OKLAHOMA CITY – Billy Guy says opioid addiction is a family disease, one that he says his family battled for years.
“We lost our 34-year-old son Chris to an overdose of Oxycontin laced with Fentanyl,” Guy explained.
The loss of his son followed Chris’ 20-year on-and-off battle with addiction. Now, Guy dedicates considerable time to advocacy to prevent other parents from landing in his position.
News of the $270 million settlement in the state’s lawsuit against Purdue Pharma, he says, is a first step.
“It’s estimated that Purdue Pharmacy has made $35 billion on just Oxycontin, so I don’t think [the settlement] is enough,” Guy said. “It’s really not about punishment to the drug companies, it’s about responsibility. I don’t feel vindicated that now there’s retribution or anything like that. It’s not going to bring Chris back.”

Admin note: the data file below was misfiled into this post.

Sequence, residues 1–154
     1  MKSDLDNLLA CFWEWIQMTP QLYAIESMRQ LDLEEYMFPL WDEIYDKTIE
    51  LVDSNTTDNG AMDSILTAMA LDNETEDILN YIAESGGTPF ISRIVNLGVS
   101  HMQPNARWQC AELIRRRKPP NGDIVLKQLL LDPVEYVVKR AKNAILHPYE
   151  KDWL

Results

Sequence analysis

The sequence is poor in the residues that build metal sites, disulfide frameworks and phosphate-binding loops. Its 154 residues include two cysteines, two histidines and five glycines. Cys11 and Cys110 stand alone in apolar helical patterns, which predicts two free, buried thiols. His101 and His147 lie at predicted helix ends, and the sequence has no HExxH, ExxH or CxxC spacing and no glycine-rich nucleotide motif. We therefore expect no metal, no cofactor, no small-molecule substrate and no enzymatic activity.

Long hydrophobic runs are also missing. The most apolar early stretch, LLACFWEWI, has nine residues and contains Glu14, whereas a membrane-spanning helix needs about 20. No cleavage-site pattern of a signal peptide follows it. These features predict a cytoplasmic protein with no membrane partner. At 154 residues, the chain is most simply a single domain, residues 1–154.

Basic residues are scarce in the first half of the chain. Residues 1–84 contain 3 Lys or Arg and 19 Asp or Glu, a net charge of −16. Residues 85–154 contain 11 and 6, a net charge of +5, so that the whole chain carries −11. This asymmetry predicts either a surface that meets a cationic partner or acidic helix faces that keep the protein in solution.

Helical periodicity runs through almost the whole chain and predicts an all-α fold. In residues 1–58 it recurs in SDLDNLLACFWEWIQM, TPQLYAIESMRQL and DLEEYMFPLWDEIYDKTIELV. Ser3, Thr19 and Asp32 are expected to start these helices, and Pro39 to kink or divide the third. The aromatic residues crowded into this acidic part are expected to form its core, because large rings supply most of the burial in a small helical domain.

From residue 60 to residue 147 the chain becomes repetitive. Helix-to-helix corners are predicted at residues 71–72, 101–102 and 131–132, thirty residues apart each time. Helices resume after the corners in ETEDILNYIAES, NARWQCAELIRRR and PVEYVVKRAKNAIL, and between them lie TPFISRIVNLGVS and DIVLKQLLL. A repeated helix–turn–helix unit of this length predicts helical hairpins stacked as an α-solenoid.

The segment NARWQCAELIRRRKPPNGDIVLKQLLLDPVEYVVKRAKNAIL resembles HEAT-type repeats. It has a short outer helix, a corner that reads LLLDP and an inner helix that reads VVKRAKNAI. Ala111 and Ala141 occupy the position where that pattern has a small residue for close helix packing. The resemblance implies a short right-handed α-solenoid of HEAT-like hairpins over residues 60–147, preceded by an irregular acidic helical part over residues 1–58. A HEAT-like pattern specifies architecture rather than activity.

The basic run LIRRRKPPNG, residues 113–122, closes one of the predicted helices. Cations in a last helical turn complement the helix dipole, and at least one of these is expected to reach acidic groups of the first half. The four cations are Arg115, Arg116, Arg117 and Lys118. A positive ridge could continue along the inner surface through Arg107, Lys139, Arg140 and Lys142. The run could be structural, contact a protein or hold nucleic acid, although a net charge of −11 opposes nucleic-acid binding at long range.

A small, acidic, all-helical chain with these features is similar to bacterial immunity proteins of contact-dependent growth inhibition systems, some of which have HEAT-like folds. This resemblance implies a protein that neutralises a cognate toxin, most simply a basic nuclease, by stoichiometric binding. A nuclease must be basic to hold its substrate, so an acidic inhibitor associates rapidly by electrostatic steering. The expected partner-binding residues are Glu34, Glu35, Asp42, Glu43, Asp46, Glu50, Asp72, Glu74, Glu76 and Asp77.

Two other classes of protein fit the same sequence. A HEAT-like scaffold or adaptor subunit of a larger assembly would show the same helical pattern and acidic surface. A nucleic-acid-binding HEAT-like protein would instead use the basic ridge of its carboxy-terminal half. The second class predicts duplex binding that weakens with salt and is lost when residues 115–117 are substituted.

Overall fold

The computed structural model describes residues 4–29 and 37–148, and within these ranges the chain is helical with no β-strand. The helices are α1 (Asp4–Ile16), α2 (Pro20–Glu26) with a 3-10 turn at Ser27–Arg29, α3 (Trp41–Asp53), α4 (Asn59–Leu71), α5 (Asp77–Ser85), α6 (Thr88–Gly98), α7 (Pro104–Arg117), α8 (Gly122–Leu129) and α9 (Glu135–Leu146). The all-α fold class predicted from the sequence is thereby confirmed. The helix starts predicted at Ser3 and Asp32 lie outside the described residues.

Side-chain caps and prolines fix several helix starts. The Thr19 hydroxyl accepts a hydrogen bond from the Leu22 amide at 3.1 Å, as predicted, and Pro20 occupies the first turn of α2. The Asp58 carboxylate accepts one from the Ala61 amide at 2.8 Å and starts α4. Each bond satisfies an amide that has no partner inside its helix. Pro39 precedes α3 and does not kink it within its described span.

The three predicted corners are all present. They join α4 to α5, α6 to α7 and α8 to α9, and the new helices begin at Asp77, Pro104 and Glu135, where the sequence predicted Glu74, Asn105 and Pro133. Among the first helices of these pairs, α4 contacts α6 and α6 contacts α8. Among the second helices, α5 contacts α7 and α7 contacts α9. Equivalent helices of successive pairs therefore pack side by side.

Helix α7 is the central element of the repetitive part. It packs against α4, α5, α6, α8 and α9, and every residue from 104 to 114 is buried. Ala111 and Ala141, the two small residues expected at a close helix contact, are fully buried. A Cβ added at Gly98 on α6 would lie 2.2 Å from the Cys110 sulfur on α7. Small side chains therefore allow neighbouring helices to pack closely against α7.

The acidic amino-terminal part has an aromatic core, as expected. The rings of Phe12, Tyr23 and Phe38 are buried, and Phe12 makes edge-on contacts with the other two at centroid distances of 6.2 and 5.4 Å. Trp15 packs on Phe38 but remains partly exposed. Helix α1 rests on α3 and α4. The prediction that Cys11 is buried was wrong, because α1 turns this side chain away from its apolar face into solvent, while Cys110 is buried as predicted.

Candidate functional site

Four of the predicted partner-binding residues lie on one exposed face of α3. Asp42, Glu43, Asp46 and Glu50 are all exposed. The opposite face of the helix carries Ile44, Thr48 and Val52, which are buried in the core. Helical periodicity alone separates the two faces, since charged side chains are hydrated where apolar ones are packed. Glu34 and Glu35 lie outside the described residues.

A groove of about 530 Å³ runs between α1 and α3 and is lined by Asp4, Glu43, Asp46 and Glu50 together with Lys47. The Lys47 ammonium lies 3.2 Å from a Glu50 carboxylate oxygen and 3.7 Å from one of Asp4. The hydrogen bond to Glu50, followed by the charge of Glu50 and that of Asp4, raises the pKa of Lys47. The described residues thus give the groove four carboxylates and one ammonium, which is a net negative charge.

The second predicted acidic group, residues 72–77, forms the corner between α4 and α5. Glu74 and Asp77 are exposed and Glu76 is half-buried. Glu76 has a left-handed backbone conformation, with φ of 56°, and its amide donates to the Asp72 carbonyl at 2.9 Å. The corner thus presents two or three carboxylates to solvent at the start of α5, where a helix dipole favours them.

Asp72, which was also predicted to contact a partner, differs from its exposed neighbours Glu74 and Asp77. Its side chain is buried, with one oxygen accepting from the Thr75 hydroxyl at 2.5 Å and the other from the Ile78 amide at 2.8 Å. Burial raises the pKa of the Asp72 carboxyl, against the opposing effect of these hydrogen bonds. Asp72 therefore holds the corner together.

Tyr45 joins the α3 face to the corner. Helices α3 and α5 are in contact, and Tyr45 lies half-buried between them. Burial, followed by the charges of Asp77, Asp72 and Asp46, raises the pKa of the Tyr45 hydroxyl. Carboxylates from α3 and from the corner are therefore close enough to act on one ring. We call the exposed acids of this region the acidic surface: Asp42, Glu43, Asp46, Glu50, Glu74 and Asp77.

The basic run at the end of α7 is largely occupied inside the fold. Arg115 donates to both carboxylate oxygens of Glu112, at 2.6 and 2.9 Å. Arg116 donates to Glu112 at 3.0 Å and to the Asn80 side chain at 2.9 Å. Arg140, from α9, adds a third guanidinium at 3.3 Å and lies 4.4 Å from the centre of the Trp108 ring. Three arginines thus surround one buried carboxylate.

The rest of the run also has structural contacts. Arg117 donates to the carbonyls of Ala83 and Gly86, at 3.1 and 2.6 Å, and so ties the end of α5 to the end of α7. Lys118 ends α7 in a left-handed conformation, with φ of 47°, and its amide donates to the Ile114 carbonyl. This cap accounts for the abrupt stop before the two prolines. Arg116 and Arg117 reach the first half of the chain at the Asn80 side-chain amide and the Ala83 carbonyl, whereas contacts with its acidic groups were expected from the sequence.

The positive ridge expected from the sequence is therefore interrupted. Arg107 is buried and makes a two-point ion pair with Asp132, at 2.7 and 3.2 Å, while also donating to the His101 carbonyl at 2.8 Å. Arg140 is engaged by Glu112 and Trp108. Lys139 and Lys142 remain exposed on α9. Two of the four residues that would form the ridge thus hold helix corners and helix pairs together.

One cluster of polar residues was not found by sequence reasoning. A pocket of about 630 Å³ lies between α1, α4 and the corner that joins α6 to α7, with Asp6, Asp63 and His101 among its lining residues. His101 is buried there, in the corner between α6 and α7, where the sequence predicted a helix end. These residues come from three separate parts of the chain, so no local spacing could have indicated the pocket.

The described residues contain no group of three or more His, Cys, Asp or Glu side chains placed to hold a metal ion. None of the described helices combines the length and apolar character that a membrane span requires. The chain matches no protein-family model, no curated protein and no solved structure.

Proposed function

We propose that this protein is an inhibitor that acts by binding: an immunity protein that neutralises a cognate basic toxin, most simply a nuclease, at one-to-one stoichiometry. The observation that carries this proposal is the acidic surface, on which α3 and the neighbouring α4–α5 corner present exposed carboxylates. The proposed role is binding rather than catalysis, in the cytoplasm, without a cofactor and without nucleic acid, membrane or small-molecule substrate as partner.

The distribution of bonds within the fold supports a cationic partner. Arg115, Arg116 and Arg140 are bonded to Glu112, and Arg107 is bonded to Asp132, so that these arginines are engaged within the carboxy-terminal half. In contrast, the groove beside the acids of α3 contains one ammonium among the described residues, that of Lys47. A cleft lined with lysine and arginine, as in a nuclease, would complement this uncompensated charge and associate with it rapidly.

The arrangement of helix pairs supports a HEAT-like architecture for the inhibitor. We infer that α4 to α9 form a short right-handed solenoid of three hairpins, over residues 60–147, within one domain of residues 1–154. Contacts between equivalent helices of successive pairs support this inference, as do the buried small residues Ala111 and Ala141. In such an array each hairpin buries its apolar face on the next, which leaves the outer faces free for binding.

He hopes the company’s agreement with the state attorney general is the first domino to fall.
“Someone in that corporation, many someones in their corporation, knew they were putting out misleading information and they were wining and dining and giving trips to doctors to prescribe this drug,” he said.
Now, he wants to see more funding, from Purdue Pharma and the other defendants, for recovery services, prevention, education, and resources for parents like him as they struggle to find solutions for children like the one he lost.